Daily Loop #25

It’s Monday, again. A weekly reminder that our weekends are no longer filled with rejuvenating times with friends, new experiences, random encounters, and spontaneous adventures. Nope! All gone.

So turn on your computer, dial into the internet, and let’s just pretend everything is normal.

The main riff in today’s Daily Loop was played on my bass, which I converted to MIDI notes.


“Some days, I really hate this shit. Like really fucking hate it on an extra level. Today is one of those,” @georgehahn

Video by Camilo Calderón from Pexels

Make Yourself an Experience

Anyone (literally) can get a song up on Spotify.

Anyone (literally) can get their song up on YouTube.

You don’t have to out run a bear, you just have to out run your friends.

Set up a site for your album. Put up your lyrics, your photos, your stories. You wish a cool media outlet would do a feature on your new release, right? In the meantime, do it yourself.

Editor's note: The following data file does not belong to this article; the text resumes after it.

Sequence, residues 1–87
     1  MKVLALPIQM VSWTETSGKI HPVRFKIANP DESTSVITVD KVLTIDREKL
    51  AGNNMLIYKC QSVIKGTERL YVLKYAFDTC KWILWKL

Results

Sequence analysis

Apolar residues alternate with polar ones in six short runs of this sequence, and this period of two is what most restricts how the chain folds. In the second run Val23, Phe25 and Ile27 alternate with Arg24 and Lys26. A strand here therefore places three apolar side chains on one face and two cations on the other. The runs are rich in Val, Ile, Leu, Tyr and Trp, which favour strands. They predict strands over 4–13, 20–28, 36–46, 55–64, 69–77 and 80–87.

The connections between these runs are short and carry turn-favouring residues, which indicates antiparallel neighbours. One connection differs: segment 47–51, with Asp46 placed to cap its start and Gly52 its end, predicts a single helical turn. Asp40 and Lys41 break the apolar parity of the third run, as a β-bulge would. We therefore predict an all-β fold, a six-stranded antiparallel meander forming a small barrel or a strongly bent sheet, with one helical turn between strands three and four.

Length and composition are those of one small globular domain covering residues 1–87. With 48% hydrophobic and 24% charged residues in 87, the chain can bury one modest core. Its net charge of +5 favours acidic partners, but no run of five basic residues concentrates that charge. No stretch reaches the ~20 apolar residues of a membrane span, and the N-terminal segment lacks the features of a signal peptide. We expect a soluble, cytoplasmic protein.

You’d post a link to that cool press if you got it.

For now, build your own “press” and post that link instead.

You dream of your killer live stage set up – lights, video screens, dancers.

Start now.

Make your website your stage. Fill it with your art, your ideas, your dreams, your colors, your imagery.

Because someone else just starting out in stage design is looking and listening and watching.

Because someone else is just getting started in costume design. And video editing. And graphic design.

Put more of yourself out there, in full form. Attract your people, your fans, your team.

Today isn’t the time for just posting throw-away Tweets that wash away in an hour. Not time for “stories” that float off like a plastic bag in the breeze.

Buy a domain name, set up a site, and stake your place on the internet. Your home. Your HQ. The source for your magic and your art.